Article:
I get so excited when I see a new graphic memoir on the browse shelf. Graphic memoirs are little slices of life told in comic book form. They allow you a dynamic opportunity to gain understanding about a particular time in a person’s life, while providing context for the author’s experience. Think of reading a graphic masterwork, like Spiegleman’s Maus. This Pulitzer Prize winning work not only told the story of one man’s experience being the son of Polish Jew who survived the Holocaust; but invited the reader to experience that world through images and words. Graphic memoirs provide a means for the author to show rather than tell. They will often focus on a specific event, or a span of years. The use of imagery throughout a graphic memoir allows authors to transcend the written word and add layers of meaning to their story. If you enjoy a good graphic memoir as much as I do, be sure to check out these popular selections.
In this graphic memoir the author shares the story of her life in Tehran, Iran, where she lived from ages six to fourteen while the country came under control of the Islamic Regime.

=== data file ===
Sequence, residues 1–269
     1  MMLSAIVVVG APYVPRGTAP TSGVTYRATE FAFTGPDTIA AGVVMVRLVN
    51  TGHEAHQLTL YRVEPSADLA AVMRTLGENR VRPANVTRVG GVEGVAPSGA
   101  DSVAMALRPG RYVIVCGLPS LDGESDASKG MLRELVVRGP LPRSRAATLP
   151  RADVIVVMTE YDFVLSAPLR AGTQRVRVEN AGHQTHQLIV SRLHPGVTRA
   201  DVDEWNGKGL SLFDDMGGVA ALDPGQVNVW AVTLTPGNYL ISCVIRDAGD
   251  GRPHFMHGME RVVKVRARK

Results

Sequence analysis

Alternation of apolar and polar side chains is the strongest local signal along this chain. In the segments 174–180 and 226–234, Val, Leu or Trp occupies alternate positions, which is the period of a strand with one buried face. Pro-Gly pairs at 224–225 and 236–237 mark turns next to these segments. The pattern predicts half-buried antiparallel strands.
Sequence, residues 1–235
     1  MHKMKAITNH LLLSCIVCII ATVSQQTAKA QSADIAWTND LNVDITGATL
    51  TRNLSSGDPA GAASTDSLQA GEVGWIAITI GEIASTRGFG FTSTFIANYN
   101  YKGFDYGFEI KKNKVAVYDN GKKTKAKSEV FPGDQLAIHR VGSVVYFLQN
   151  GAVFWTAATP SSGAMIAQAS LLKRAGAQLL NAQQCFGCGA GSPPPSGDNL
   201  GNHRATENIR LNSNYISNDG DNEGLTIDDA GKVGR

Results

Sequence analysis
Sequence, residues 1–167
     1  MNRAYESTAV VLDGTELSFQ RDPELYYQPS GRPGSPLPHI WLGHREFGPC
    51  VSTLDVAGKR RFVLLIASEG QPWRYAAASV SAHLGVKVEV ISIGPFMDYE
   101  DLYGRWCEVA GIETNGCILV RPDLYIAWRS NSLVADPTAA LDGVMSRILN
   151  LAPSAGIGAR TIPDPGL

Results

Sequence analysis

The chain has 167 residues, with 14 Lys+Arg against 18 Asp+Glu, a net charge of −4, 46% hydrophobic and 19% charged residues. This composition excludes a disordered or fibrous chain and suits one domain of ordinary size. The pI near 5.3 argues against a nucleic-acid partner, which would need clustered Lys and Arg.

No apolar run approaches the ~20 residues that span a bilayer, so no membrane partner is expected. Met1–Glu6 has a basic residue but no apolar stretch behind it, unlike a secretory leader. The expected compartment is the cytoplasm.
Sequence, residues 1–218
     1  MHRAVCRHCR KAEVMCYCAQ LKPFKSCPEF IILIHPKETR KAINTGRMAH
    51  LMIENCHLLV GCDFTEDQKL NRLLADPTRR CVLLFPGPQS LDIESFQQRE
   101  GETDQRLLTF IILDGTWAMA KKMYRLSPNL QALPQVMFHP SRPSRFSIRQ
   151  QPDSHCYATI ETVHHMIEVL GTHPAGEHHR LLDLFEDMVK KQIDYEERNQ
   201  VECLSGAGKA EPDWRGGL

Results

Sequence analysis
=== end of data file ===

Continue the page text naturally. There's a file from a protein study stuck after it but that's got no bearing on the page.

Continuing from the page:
A graphic memoir about growing up with a remote dad who managed a funeral home while hiding his homosexuality.
March is a vivid first-hand account of John Lewis' lifelong struggle for civil and human rights, meditating in the modern age on the distance traveled since the days of Jim Crow and segregation. Rooted in Lewis' personal story, it also reflects on the highs and lows of the broader civil rights movement.
A stunning graphic memoir recounting actor/author/activist George Takei's childhood imprisoned within American concentration camps during World War II.
The powerful, unforgettable graphic memoir from Jarrett Krosoczka, about growing up with a drug-addicted mother, a missing father, and two unforgettably opinionated grandparents. A National Book Award Finalist